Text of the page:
To wrap up 2021, we asked residents the following: What are your New Year’s resolutions? AND what are your hopes for 2022?
Ann Goos, Magnolia: My New Year’s resolution for 2022 remains what it has been for years: Striving every day to be a better person. That means being a loving & present friend, an understanding & caring wife, a valuable and dedicated volunteer in my community, and a responsible, effective consultant in my work life. What I hope for in 2022 is pretty simple - cheering on and investing in medical research to continue tackling the pandemic and easing the impact on the physical and mental health of a tired world. And, in the words of John Lennon, continuing to imagine all the people living in a world of peace. Here’s to a new year!
Nancy Weinbeck, CEO of Bayview, Uptown: The latest research on behavior and habit change points us to moderation: Less is more. Achievable goals that are within reach and not an overwhelming stretch increases one’s odds of making positive behavioral changes. Not only are ambitious goals difficult to achieve, but failure to achieve them can be demoralizing, which increases our likelihood to double down on the bad habits we were trying to change in the first place. With that in mind, here are my unresolutions for 2022:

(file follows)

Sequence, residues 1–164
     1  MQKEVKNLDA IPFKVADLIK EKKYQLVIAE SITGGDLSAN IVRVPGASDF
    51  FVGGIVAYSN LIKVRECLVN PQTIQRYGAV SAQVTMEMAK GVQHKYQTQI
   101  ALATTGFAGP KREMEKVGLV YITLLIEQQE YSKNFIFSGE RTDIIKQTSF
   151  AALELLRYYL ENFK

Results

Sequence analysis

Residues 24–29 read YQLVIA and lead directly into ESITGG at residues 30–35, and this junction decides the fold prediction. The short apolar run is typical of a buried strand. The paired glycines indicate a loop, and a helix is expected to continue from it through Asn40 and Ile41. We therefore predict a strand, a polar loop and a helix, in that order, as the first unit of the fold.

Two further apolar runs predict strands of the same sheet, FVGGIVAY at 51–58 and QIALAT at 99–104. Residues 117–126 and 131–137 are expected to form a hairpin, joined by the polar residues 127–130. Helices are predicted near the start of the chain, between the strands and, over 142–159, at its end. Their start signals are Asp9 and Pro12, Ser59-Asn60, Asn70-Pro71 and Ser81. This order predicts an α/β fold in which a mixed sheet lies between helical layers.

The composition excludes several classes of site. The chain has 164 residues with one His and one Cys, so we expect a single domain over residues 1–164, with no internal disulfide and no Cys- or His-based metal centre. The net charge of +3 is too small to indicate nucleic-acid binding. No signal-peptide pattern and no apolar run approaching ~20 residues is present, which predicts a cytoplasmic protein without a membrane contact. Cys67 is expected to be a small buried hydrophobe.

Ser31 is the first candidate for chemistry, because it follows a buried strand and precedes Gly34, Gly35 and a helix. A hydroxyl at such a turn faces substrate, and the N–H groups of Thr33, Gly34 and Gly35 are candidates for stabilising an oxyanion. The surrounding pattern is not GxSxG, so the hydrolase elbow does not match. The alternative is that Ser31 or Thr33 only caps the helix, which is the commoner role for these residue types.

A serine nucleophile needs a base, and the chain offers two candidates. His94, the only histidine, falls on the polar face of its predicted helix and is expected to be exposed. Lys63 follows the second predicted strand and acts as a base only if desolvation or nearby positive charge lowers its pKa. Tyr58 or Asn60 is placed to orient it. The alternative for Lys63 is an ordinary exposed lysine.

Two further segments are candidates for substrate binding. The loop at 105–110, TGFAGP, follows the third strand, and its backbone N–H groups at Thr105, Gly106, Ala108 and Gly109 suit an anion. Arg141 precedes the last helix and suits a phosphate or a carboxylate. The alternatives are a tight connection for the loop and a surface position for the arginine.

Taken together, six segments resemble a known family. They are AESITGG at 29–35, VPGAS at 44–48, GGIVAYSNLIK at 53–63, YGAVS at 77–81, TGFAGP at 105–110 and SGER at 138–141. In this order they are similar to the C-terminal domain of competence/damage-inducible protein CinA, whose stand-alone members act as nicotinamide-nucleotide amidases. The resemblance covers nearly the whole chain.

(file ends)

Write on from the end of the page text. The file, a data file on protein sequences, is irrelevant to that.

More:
• I unresolve to lose 10 pounds in 2022. Instead, I will eat one less cookie. In 2022.
• I unresolve to drink half my body weight in water each day. Instead, I’ll drink a glass of water with at least one meal. In 2022.
• I unresolve to exercise five days a week. Instead, I’ll exercise one day. In 2022.
But seriously, it’s no newsflash that making healthier food choices, increasing activity and socializing play a key role in healthy aging. So eat a little better. Sometimes. Add a few steps to your day. When you can. And check in with a friend or loved one. When you have the bandwidth. The rewards you get from doing the small things can lead to big changes over time. Wishing you all a healthy and happy 2022.
District 36 Sen. Reuven Carlyle, Queen Anne: We’re living in a time of uncertainty and disequilibrium in our global community. Tensions surrounding climate, COVID, equity, economics, international affairs and challenges to our quality of life seem to be accelerating in real-time. On a serious level, my resolution is to do my part as your state senator to help us all be safe, healthy and to find our way through this challenging time.
More importantly, with deep humility, it is my expectation that I will win the Nobel Peace Prize this year. I am single-handily reducing noise on Queen Anne and Magnolia and across Washington state while simultaneously fighting climate change. I am introducing the most popular bill of the 2022 legislative session: “Cash for Lawn Clunkers!” Simply turn in any gas powered lawn equipment (working or not), buy quiet and clean electric, and you’ll get up to $200 reimbursement under my legislation. One hour of noisy leaf blower (literally) emits same as Seattle to LA drive! I will invite all of the 36th district residents to join me for the award ceremony!